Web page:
Saturday, 13 February 2016


“Everyone has a chance. Mine came today and I won’t let go of it”

It is a shadowy, harrowing tale passionately told by Austrian author Alexander Lernet-Holenia in his best-selling novel, Ich war Jack Mortimer (1933).  

Ferdinand ‘Fred’ Sponer, a Budapest taxi-driver, picks up a wealthy American passenger, Jack Mortimer, at the train station on New Year’s Eve. When he goes inside to retrieve his fare’s bags, Mortimer is shot. Fred is about to start a new job as a chauffeur and doesn’t want to get involved with the police. He pulls away and dumps the body in the woods. But he worries that he still could be connected with the disappearance and decides to fake the man's arrival by checking into the man's hotel wearing his clothes and assuming his identity.  

Waiting for Mortimer is Winifred Montemayor, who’s about to leave her husband, renowned orchestra conductor Pedro Montemayor, and run away with the American. When she goes to Mortimer’s room and finds Fred there with her lover’s bags, she threatens to expose him and he flees. However, he soon learns that his is not the only deception and he has far more to fear than just the police.

In 1935, the book became a film, Ich war Jack Mortimer, directed by Carl Froelich from an elegant script by Thea von Harbou (recently profiled in the Fall 2015 edition of Noir City magazine).  Anton Walbrook stars as the ill-tempered Fred, a prole who’s increasingly bitter about the hand he’s been dealt as he toils away with little hope of bettering himself.  He takes out his frustration on Marie, his fiancée, whose affection he does not deserve.

Though Fred is not a very likeable character, he's also not without charm. Walbrook was an engaging actor, an Austrian who in 1936 settled in England after changing his name from Adolph to Anton (Walbrook was gay and also classified under the Nuremberg Laws as half-Jewish).  In Britain, he continued to work as a film actor, making a specialty of playing imperious continentals including the tyrannical impresario Lermontov in The Red Shoes, 1948 (a highlight of San Francisco’s Noir City festival in January 2016).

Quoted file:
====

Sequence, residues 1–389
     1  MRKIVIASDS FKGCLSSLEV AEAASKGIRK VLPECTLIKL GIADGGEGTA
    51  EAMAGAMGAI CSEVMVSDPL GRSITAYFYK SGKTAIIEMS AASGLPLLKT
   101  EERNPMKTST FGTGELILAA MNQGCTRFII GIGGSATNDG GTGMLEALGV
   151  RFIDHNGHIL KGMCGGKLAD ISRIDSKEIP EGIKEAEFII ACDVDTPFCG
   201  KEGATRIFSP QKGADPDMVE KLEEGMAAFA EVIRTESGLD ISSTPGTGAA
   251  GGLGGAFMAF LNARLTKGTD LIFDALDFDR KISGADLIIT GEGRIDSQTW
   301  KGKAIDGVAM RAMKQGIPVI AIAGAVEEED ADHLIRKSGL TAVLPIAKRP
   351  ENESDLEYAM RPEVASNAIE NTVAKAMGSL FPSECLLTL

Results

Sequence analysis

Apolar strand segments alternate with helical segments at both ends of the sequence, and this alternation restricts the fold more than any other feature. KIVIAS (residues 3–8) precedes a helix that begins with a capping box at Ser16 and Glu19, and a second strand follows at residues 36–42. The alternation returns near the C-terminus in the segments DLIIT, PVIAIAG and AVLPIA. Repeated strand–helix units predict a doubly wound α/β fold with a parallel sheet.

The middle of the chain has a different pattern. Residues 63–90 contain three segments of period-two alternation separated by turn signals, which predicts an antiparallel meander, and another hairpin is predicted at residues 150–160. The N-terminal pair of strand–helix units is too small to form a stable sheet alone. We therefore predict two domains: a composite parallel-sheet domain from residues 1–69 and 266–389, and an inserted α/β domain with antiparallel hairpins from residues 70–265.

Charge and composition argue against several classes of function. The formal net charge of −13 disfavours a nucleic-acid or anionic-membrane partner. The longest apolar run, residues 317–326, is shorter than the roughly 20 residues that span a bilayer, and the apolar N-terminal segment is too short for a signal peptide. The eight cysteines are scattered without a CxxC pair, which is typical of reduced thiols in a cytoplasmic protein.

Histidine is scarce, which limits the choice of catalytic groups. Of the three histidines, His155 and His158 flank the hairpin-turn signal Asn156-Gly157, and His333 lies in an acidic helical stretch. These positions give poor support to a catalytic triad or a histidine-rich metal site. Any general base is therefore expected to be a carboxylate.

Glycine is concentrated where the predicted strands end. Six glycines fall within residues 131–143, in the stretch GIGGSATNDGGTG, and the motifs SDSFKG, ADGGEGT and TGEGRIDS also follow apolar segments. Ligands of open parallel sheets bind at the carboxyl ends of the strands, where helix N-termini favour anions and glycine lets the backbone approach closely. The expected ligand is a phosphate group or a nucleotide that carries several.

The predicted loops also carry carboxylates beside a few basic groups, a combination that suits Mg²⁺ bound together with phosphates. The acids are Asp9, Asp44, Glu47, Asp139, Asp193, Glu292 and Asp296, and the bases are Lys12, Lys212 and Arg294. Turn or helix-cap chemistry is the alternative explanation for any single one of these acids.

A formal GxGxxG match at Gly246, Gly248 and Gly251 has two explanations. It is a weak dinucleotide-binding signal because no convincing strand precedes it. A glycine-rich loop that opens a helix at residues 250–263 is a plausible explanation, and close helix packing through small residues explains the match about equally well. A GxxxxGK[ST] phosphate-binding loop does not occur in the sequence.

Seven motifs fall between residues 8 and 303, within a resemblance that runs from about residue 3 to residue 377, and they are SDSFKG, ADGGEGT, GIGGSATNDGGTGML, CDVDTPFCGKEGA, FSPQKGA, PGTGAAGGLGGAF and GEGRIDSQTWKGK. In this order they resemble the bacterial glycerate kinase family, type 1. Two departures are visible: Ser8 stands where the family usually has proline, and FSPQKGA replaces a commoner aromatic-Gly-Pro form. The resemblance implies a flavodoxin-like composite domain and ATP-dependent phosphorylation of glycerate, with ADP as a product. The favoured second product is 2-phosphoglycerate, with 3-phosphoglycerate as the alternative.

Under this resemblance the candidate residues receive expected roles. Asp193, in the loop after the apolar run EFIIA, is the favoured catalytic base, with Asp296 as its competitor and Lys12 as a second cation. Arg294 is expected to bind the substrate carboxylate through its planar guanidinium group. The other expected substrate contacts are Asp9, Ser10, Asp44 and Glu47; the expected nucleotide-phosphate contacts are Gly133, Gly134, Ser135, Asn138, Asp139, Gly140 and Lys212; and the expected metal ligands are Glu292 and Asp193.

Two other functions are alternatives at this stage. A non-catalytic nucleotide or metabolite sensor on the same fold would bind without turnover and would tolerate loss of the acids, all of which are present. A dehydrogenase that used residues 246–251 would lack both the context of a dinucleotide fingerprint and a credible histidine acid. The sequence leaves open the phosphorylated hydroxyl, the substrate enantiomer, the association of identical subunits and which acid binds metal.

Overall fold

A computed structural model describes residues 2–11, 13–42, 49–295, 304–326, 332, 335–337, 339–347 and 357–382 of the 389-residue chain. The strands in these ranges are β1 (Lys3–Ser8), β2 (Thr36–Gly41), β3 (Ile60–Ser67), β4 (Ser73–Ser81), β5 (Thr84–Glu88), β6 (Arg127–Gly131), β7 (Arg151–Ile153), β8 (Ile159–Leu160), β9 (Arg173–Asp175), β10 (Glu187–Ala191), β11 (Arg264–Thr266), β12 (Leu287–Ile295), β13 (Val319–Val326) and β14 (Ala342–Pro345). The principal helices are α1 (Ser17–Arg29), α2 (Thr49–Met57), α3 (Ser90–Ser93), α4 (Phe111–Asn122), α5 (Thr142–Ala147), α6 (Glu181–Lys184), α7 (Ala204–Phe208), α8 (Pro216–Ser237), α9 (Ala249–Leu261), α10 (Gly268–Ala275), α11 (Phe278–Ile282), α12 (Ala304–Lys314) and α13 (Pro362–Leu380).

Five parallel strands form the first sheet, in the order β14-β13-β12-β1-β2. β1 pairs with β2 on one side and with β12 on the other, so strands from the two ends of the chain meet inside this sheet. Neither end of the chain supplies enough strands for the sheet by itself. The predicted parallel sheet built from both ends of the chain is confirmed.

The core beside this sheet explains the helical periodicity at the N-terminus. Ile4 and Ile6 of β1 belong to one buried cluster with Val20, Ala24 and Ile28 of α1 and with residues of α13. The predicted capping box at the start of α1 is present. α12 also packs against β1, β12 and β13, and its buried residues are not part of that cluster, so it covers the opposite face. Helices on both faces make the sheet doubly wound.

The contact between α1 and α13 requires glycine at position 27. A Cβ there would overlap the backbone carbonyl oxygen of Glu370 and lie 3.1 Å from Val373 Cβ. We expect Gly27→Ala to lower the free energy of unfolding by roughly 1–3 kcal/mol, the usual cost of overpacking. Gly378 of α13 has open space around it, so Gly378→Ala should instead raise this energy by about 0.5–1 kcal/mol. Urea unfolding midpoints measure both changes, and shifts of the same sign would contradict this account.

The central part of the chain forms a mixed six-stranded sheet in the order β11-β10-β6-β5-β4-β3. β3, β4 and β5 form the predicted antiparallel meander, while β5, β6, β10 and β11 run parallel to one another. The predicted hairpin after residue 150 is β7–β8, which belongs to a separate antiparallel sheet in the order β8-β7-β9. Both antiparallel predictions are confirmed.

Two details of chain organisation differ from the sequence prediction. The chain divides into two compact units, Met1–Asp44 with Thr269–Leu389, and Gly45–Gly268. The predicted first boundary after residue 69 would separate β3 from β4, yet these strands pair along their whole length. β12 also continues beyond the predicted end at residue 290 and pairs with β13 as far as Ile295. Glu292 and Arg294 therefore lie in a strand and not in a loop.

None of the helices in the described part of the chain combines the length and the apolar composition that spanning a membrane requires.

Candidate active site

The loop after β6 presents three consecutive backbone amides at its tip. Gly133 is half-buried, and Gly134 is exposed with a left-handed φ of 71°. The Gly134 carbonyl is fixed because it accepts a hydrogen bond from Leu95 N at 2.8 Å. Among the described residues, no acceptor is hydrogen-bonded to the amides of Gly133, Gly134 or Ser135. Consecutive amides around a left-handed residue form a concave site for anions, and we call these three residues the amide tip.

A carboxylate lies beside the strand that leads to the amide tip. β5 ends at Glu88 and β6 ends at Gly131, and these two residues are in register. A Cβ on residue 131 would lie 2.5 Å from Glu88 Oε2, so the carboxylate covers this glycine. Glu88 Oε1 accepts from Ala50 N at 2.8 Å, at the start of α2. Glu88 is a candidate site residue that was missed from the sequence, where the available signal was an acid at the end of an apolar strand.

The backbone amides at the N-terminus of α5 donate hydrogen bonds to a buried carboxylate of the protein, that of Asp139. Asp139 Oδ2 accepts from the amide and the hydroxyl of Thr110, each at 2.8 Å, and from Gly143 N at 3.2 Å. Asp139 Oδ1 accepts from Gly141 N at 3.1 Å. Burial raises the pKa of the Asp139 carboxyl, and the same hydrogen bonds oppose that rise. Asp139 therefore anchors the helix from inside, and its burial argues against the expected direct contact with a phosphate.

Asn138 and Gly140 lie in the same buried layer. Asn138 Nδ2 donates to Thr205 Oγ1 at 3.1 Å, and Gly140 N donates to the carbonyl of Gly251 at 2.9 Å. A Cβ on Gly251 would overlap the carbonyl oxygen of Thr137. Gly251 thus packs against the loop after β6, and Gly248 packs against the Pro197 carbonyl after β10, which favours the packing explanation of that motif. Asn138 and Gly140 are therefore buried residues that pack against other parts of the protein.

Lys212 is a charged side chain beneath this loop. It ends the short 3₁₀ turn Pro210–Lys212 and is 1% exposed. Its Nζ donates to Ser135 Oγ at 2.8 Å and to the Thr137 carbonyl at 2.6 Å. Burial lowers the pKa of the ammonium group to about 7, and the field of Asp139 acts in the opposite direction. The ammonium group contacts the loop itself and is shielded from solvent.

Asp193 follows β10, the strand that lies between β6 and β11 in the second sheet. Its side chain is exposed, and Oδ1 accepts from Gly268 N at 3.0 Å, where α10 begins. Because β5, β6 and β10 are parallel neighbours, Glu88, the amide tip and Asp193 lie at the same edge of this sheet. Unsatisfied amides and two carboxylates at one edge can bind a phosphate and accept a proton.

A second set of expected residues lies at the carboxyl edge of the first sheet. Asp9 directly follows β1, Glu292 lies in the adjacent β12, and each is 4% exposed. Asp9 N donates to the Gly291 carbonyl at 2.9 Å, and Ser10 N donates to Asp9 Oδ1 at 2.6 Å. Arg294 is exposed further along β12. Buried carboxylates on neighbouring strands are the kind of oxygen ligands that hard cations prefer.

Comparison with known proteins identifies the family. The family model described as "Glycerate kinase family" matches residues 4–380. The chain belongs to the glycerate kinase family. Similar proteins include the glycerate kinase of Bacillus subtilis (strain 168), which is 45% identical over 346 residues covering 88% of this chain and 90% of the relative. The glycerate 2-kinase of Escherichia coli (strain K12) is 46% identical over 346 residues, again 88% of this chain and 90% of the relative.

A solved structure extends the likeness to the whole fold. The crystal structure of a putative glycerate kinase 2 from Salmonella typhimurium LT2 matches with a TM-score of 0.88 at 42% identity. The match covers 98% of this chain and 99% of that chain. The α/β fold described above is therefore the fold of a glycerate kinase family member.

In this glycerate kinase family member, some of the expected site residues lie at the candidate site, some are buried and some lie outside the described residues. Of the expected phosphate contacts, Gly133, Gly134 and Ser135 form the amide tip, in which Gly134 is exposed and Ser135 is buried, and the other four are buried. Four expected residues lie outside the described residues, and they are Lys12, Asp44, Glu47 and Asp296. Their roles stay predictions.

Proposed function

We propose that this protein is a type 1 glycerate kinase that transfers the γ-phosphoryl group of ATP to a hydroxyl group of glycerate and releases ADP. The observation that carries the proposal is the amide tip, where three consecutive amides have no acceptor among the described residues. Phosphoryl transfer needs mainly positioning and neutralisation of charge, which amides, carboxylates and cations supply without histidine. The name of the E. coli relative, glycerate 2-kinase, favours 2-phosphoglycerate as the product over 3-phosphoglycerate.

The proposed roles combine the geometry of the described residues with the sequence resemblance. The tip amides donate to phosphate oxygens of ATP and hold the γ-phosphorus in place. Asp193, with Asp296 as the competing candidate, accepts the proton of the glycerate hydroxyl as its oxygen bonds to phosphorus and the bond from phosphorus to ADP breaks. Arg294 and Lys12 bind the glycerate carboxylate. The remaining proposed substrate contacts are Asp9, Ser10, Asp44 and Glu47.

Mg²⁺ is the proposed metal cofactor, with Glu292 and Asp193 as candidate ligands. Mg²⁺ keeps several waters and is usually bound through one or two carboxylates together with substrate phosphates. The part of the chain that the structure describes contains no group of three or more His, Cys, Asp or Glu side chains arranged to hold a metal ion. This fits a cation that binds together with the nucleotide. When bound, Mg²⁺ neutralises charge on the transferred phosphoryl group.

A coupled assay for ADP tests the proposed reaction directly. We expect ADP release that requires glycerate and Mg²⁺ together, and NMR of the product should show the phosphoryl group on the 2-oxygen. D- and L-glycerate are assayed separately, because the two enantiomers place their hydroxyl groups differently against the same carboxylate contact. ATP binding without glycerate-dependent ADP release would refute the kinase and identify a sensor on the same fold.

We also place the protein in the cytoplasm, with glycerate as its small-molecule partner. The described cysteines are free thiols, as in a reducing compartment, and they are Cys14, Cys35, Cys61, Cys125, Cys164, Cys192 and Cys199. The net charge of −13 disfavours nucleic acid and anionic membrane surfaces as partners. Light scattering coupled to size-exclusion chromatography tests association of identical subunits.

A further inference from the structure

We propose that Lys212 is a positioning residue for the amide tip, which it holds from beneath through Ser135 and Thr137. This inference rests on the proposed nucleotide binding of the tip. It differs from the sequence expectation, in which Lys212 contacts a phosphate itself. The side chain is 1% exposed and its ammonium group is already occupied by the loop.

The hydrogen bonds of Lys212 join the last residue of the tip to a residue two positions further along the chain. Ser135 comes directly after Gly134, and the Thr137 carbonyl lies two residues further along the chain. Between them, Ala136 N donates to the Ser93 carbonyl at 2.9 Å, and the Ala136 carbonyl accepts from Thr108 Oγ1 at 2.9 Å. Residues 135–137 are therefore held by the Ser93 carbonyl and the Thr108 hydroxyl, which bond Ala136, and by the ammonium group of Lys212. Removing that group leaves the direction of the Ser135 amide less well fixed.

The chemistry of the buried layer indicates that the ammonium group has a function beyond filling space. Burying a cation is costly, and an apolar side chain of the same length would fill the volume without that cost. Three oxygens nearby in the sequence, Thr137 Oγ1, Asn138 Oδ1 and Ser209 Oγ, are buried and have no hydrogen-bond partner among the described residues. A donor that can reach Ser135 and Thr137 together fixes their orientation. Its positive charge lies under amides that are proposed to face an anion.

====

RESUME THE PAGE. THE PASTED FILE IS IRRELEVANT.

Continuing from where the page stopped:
Ich war Jack Morimer shares some of the saturnine expressiveness of the great silent melodramas. It’s formal, Teutonic, and gloomy, a compelling proto-noir. 

A second movie version of the tale, Abentueur in Wein aka Adventures in Vienna was released in 1952, starring Gustav Fröhlich (Metropolis, 1927) as ‘Toni’ Sponer  and Francis Lederer as the husband, now Claude Manelli.  A year later Lederer was able to reprise his part in an Austrian/ US co-production, Stolen Identity, 1953, a near shot-for-shot remake of Abentueur in Wein featuring an English-speaking cast in the main roles. 

Produced by Turhan Bey (The Mysterious Mr. X, 1948; Parole Inc., 1948) and directed by Gunther Von Fritsch (The Curse of the Cat People, 1944), Stolen Identity remains set in Vienna amid the destruction of WWII.  Like The Third Man, 1950, the movie is a deeply atmospheric suspense thriller that plays like a post-war spy/ espionage drama without actually being one.

American actor Donald Buka plays Toni Sponer, this time an undocumented refugee from Eastern Europe who had fled to Austria. But no papers means no work permit and no permit means no passport.  Toni is desperate to leave Vienna and to get to the US where he once lived as a child. Meantime, he survives by driving a taxi illegally. When Jack Mortimer is murdered in his cab, Toni recovers his passport and cash and jumps on them as a way out.

As before, problems arise when Toni goes to the hotel impersonating Mortimer and is met by Karen Manelli (Joan Camden), Claude Manelli's beleaguered wife. But this time Karen reports Toni to the police and they pick him up on suspicion of identity theft.  However, Manelli, for his own reasons, identifies Toni as Jack Mortimer, telling the police that his wife has a history of mental illness and is always making up stories. Karen is released to her husband but escapes, realizing Toni has been set up.